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Toronto’s men’s rights group plans to march in Pride parade

Canadian Association for Equality’s permit to march revoked last year

Members of the Canadian Association for Equality marched in the 2014 WorldPride parade with the Sherbourne Health Centre after having their permit revoked by Pride Toronto. Sherbourne Health Centre staff would later tell Daily Xtra that CAFE did not properly explain to them why their permit had been revoked in the first place. Credit: Twitter

The controversial men’s rights group Canadian Association for Equality (CAFE) plans on marching in the 2015 Toronto Pride parade, barring any major complaints.

Pride Toronto executive director Mathieu Chantelois confirmed to Daily Xtra that the group is included on the list of over 250 groups marching this year. “So far they are on the list,” Chantelois says.

All groups that applied to march in the parade were approved this year. “Everybody is approved until we get a complaint against them,” Chantelois says. Any member of the public who objects to the participation of any of the groups can make a confidential complaint through Pride Toronto’s dispute resolution process.

“I’m not too familiar with the work that [CAFE does], but obviously if there is some concern by anybody in the community we will take them extremely seriously.”

In 2014, CAFE’s permit to march in the WorldPride parade was revoked by Pride Toronto. Pride staff sent a letter to the group explaining that their work may “contravene the spirit of the mission, vision, and values of Pride Toronto and WorldPride.”

CAFE’s executive director Justin Trottier says that Pride is an important event for the organization. “Marching in Pride has always been a priority.”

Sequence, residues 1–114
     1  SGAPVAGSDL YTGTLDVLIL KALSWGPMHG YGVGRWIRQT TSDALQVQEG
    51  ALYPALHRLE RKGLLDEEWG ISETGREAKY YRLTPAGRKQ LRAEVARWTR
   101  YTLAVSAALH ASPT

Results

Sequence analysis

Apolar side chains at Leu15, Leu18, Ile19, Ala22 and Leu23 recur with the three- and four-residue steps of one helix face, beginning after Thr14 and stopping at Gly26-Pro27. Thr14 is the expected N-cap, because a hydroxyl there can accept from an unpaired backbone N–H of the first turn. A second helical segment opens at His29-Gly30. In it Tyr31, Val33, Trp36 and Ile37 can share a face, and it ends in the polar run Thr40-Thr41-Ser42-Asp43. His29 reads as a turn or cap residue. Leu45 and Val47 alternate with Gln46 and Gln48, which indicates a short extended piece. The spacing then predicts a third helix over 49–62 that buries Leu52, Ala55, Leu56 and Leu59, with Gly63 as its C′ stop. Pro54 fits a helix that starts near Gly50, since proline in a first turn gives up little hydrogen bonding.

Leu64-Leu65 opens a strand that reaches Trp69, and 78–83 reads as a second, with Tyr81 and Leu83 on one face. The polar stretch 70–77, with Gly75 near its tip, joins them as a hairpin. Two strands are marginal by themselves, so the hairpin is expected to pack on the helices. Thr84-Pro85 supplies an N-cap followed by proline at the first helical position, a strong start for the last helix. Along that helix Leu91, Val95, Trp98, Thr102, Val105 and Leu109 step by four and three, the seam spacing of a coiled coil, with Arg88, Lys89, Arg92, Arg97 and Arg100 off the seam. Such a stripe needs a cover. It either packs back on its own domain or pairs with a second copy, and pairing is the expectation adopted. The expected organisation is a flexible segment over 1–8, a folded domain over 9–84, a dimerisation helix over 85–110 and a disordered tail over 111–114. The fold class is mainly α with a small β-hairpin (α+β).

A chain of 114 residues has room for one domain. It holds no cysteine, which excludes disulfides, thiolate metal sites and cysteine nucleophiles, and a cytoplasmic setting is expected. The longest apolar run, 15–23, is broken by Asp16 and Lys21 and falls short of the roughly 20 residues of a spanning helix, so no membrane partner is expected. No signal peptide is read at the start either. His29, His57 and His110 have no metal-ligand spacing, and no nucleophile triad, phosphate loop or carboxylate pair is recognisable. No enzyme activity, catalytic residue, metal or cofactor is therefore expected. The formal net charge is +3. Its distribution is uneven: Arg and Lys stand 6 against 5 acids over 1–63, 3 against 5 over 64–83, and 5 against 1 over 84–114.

He insists that the group is a human rights organization. “We’re interested in the health and welfare of men and boys,” Trottier says. “There is nothing in that that remotely contravenes Pride.”

CAFE is widely considered to be a men’s rights organization by many members of the community and media — it’s brought at least one well-known men’s rights speaker to Toronto. Most recently, it courted controversy after purchasing a billboard on Davenport Road claiming that half of domestic violence victims are men, citing information from a 2009 Statistics Canada report.

However, in a response in the Globe and Mail, writer Leah McClaren points out that “according to the same study, women were three times as likely to be victims of serious violence.”

The group was subject to further criticism when, despite having its permit revoked, members walked in the WorldPride parade by joining the group from the Sherbourne Health Centre. Staff from the Sherbourne Health Centre later told Daily Xtra that CAFE members had not been clear about why their permit was revoked, and that they “unequivocally” did not endorse or support CAFE.

Trottier says that there will no issues this year as long as Pride Toronto honours its commitment to use the dispute resolution process — Trottier alleges that the organization did not do so in 2014 when their permit was revoked. “Pride robbed us of the opportunity to have a meaningful conversation about why we wanted to walk, what we would bring to the parade and answer any concerns that they might have.”

“If there are specific concerns people have we will happy to respond to them,” Trottier adds.